Trevino split the fairway and hit his approach to eight feet for an easy, two-putt par to ice the win. Jacklin bogeyed to finish third. He would never again make a serious run at a major. "What happened to Tony at Muirfield," says Irishman John O'Leary, who finished well back that week, "was the end of him playing at that level."
"Jack and Arnold both came up to me at dinner that night and said, 'Don't let [your bad luck] affect you,' " says Jacklin, now 68 and living in Florida. "But it's hard not to. I was always taught, 'If at first you don't succeed, try again. Try harder.' Flukes or luck was never part of the equation in my head."
Trevino had prevailed, despite his carousing and flying to the wrong airport at the start of the week. Expected to fly into Edinburgh, the Trevino troupe had decamped at Prestwick and zigzagged to the course in a rented van, getting horribly lost along the way. By the time Trevino sauntered into the clubhouse in black cowboy boots, Nicklaus was already in his spikes, grinding. As Dan Jenkins wrote in Sports Illustrated, "What can be said of Trevino and how he actually won? How can it be accounted for? Nicklaus worked for more than a week at Muirfield, while Trevino arrived late. Wearing a planter's hat and cracking jokes, he practiced only two days."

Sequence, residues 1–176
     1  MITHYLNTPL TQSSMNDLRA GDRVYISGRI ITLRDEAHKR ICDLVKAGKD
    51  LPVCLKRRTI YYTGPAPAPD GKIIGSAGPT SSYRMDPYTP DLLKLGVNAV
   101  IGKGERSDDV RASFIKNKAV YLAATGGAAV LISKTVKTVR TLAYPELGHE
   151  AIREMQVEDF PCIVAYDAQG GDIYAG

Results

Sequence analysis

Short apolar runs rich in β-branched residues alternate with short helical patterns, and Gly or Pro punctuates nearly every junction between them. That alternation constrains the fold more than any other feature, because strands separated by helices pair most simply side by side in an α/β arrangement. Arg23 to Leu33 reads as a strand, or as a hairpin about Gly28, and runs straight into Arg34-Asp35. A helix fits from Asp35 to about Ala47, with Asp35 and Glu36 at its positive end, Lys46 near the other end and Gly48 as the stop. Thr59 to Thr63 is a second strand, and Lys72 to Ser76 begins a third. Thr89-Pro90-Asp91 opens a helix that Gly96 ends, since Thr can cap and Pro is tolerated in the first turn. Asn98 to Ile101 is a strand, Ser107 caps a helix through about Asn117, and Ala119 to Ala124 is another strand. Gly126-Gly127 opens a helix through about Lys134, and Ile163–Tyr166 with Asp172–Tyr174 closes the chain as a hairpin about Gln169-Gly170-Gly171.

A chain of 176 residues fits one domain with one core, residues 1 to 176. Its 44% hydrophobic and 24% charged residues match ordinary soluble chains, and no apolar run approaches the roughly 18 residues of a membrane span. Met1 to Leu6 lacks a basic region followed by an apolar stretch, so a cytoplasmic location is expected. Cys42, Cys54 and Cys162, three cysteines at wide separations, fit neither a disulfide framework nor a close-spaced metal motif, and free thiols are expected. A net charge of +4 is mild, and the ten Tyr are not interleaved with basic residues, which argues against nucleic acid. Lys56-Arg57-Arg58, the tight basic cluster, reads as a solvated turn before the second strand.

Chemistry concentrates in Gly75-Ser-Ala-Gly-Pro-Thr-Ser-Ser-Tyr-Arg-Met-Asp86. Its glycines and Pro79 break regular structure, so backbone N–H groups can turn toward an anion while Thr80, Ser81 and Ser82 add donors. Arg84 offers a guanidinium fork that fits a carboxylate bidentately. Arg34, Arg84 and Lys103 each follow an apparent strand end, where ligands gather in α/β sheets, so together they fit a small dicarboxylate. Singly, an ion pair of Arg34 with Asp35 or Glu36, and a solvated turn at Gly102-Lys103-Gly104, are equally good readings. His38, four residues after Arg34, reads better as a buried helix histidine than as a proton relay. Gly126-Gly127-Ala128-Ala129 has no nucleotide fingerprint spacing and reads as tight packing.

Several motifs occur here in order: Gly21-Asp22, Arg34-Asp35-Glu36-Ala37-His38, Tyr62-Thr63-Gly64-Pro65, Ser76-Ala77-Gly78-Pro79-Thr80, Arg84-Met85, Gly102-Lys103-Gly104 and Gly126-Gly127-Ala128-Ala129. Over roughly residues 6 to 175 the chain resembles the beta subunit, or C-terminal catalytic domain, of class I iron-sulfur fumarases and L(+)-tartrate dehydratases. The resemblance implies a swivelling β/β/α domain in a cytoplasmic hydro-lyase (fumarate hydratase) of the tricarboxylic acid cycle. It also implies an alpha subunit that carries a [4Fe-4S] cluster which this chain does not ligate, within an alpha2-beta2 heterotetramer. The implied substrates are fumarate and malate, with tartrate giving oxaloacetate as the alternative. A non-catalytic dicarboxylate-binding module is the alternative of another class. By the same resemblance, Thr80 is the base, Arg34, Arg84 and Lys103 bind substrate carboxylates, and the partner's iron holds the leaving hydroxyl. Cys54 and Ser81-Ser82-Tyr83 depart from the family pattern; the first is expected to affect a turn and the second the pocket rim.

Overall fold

But, in fact, he'd practiced much more than that. Trevino insists he didn't make camp in Killeen with the objective of thwarting the Nicklaus Slam. "It just turned out that way," Trevino says. "And we didn't beat Jack. He lost it."
Of course there was the chip-in, for which Trevino does take responsibility. Maybe he quick-hit it. Maybe, as he said, it was a "give-up shot." Or maybe it was another victory for the subconscious mind. Point. Shoot. Repeat.
"I just walked up and hit it," Trevino says, "exactly as I'd done in Killeen."